Should we move our coop or build a new one?

citychicks99

Chirping
Aug 20, 2021
90
70
78
Seattle, WA
An anti-dig apron is 18-24" of hardware cloth laid flat on the ground to prevent digging predators from getting into the coop.

Alternately, you can trench 12" down on the outside of the coop wall and install a foot of wire vertically in the ground.
Thank you! Will the apron bother the chickens? It looks like they enjoy digging holes in the coop too.
 

rosemarythyme

Scarborough Fair
Premium Feather Member
5 Years
Jul 3, 2016
17,842
35,710
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WA, Pac NW
My Coop
My Coop
What's an apron?

For water, I'm currently using the first one but it can hold a gallon of water. I was leaving it out at night to keep their coop dry but I'm not home on the weekends sometimes and my brother wouldn't wake up until as late as 11am. I think one of them was having some dehydration issues so I started leaving the waterer in the coop but it has bad spillage issues, even with a large pan underneath. I just ordered this rabbit water bottle that I can hopefully leave in there so they can get water when they need it when I'm not around and hopefully, rats won't be able to get water from it. I've tried other bottles and they leaked. I even tried making my own but it was leaking. Hopefully this one works well.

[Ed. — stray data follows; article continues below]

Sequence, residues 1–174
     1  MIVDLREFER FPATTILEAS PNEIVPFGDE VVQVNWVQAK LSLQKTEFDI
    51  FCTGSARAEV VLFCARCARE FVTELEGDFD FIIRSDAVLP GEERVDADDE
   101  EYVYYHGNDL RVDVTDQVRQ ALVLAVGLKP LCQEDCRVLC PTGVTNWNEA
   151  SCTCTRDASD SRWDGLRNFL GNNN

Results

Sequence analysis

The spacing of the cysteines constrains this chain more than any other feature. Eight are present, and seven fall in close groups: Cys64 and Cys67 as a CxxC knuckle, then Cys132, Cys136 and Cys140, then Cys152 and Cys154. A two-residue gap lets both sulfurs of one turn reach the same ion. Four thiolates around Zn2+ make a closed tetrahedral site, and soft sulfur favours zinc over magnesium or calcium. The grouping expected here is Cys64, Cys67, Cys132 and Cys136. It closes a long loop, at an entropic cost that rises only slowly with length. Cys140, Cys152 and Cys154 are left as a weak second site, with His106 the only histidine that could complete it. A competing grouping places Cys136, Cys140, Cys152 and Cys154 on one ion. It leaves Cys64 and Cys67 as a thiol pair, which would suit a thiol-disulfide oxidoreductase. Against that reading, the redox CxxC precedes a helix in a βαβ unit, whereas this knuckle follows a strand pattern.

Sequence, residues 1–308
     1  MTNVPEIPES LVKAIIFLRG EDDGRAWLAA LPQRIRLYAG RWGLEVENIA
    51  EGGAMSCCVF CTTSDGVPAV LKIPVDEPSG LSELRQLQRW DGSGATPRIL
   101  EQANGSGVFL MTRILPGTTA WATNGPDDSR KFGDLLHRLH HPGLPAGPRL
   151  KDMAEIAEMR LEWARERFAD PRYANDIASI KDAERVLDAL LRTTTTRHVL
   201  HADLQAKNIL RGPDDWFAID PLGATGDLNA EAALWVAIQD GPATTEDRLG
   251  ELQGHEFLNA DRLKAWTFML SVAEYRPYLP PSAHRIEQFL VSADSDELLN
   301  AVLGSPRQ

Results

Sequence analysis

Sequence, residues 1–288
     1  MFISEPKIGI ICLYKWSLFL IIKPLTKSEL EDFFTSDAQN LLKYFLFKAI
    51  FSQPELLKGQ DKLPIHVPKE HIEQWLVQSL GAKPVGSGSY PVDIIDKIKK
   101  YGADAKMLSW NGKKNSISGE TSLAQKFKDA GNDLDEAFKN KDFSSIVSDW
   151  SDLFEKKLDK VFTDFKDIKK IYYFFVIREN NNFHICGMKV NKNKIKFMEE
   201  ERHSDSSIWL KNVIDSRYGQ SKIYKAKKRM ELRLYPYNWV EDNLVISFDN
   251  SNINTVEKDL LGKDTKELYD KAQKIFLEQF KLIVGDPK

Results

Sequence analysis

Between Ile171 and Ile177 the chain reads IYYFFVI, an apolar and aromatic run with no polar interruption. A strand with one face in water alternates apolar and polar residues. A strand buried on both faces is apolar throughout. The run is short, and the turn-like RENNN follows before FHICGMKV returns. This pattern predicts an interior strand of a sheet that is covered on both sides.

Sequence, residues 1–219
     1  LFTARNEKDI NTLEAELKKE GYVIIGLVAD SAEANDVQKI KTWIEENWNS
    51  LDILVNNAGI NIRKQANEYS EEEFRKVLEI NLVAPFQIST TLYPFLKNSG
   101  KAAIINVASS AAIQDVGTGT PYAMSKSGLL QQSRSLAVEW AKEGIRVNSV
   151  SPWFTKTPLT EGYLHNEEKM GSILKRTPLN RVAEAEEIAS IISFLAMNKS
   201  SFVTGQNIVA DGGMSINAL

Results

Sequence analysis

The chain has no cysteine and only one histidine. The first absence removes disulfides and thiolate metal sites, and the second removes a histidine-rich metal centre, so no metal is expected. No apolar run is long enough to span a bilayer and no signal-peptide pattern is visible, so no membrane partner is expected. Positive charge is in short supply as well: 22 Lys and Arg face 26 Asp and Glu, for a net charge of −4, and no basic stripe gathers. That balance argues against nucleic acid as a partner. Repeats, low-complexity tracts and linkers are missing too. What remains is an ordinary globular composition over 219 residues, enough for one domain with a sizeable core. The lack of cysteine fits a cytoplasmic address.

Glad the others already posted good examples of how an apron works.

As far as the water, I don't know if chickens will use a rabbit water bottle (maybe they can, but those types of waterers can still be drippy). The first waterer you posted should work ok, though do you have it sitting on something, or hanging? Hanging may cause spills as it swings around. Otherwise, not sure what the issue could be (maybe just poorly made?)

Alternatively, something as simple as a cat bowl or dog bowl would also work if you just want to make sure they have water inside on weekends. Or once you build a new coop, instead of worrying about water inside you might want to consider adding an auto door so you don't have to worry about when your brother gets up to let them out (though even with an auto door it's best to check whenever you are home that the chickens are reliably let out and back in each day).
 

Lizzy733

Crowing
Nov 13, 2018
1,013
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New Zealand
We built a small chicken coop for our two birds. I think it's about 5'x8'. We used chicken wire on both sides and the front and I prop open their door during the daytime. I used old pea vine doors and put it around the coop for a small run and put more chicken wire on the top to prevent any predators from taking them from above.